As country singer Frank Cannon performed Saturday at the Seminole Pow Wow Festival, Wanda Castle danced in a yellow top and slacks and white cowboy boots.
"I dance every week in the Seminole Mall to his (Cannon's) music and others," said Castle, 70, of Largo. "And we love this festival. We've been coming here every year, and what's fun is the music is free."
She and a group of about 20 regulars from the twice-weekly music sessions at the mall were in the audience Saturday on the grounds of the Seminole Recreation Center.
About 10,000 attended the 35th Pow Wow festival, which offered rides, a parade and fireworks over two days.
Overcast skies didn't seem to bother the estimated 4,000 people gathered for the parade Saturday morning in the Seminole Mall parking lot and along 113th Street.
Shriners from the Egypt Temple in Tampa executed fancy maneuvers with tin lizzies, miniature cars and full-sized motorcycles.
The Seminole High School band and state soccer champs from the high school marched.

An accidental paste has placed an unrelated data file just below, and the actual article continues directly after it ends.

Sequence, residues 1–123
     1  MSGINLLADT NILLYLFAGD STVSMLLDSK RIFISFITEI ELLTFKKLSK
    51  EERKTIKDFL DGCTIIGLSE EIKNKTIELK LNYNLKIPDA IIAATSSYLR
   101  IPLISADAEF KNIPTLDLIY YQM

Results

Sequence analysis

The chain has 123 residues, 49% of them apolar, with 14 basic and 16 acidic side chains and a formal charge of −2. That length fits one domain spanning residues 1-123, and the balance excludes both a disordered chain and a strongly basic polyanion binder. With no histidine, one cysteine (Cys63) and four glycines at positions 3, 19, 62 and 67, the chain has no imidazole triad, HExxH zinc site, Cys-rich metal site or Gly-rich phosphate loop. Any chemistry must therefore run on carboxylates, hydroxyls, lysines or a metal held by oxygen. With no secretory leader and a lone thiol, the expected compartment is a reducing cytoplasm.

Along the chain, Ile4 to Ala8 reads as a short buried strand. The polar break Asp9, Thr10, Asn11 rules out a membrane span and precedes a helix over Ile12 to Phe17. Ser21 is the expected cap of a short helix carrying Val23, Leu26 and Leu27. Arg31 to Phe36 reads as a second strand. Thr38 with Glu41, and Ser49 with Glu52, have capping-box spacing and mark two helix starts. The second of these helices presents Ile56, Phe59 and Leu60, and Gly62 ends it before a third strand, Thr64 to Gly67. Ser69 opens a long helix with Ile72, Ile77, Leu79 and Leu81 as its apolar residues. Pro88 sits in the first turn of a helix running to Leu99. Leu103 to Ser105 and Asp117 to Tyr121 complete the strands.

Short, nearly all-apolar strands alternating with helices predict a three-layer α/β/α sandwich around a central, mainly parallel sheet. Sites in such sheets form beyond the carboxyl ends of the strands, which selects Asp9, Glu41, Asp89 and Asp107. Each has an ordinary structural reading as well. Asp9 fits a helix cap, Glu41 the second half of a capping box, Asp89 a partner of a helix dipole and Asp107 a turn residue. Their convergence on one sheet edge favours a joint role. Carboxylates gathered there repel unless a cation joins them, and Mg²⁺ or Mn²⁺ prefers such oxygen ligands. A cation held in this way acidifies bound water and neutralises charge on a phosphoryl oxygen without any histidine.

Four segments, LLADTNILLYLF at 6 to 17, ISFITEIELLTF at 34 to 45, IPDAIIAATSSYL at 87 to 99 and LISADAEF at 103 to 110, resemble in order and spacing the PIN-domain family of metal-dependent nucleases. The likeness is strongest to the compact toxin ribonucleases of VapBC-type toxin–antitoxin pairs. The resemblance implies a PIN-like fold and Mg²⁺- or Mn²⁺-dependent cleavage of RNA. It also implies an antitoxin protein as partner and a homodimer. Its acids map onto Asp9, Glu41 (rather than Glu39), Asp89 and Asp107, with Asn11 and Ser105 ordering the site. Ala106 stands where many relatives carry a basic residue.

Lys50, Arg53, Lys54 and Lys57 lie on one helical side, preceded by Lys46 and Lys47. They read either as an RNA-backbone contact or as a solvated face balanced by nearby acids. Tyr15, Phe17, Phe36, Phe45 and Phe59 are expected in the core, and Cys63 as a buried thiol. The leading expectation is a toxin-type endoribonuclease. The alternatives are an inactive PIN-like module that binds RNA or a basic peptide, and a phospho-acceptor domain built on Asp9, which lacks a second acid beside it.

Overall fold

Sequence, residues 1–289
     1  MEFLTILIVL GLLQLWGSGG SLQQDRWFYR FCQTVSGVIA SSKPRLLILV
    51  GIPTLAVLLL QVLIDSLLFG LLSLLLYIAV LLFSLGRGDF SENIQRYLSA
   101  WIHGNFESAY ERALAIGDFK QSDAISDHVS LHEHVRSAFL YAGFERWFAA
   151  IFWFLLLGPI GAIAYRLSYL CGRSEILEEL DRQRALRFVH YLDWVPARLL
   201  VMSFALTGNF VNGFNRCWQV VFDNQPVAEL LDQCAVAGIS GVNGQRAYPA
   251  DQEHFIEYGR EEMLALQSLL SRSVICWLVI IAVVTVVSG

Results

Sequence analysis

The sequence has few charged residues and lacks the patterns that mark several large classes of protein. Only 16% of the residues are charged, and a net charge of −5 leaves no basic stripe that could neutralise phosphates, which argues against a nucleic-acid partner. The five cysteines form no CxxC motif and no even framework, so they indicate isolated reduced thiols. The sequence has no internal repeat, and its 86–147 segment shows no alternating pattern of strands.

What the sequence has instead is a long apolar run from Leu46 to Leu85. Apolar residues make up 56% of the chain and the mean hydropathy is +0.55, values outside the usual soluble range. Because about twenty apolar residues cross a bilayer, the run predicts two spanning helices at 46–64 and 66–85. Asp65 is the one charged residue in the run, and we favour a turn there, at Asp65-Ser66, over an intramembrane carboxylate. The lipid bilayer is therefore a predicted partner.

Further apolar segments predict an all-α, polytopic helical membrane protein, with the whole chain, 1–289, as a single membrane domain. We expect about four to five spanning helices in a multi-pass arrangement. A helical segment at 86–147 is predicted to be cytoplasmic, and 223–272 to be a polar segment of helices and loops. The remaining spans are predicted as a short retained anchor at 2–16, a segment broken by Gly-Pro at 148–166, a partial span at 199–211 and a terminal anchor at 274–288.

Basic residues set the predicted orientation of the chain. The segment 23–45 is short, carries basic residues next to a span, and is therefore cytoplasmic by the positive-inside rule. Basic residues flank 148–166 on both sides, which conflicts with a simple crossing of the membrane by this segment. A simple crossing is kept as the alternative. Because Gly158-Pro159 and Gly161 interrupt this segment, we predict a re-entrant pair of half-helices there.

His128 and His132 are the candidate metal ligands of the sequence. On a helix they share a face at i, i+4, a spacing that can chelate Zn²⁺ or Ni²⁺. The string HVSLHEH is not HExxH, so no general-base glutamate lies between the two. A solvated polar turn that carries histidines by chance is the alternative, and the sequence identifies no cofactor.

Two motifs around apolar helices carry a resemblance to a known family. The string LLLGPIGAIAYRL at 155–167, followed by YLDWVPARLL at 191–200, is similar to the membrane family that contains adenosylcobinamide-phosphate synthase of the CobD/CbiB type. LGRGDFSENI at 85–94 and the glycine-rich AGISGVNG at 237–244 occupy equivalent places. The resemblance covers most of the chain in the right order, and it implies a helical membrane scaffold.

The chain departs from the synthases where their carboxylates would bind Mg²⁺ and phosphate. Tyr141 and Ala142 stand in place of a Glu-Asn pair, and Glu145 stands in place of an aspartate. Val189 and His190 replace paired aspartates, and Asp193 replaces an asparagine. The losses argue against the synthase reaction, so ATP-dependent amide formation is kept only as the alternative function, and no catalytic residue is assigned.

Osceola High School's cheerleaders rode on a float, but the school's band had to bow out because the entire percussion section got ill a few days before the parade.
One of the festival's biggest moneymakers was the carnival, which Bob Matthews said earned about $30,000 in ticket sales. The Pow Wow gets about 30 percent of that.
When the bills are paid, the two-day event will realize about $10,000 in profit, Matthews said. The $12,000 in expenses included the fireworks, hiring Pinellas County sheriff's deputies to provide security, and the musical entertainment.
The city of Seminole absorbs any losses, but that hasn't happened for several years. Matthews said the festival started out in the black this year because $22,000 was left in the fund from the past several years.
Last fall, the Pow Wow Festival committee bought a new tent for $2,800 and donated $2,500 to both the teen board at the Seminole Community Library and for the teen game room at the recreation center.
"From my experience in the years since I've been working with the festival, this one ran the smoothest," said Matthews, who is also a Seminole City Council member.
Jim Sheets, the city's recreation director and a member of the Pow Wow committee, said, "Based on our ticket sales and the wristbands, which sold for $11 on Friday, we had about 3,000 people. The parade attracted about 4,000, and about another 3,500 people came on Saturday. I generally like to underestimate the size of the crowd."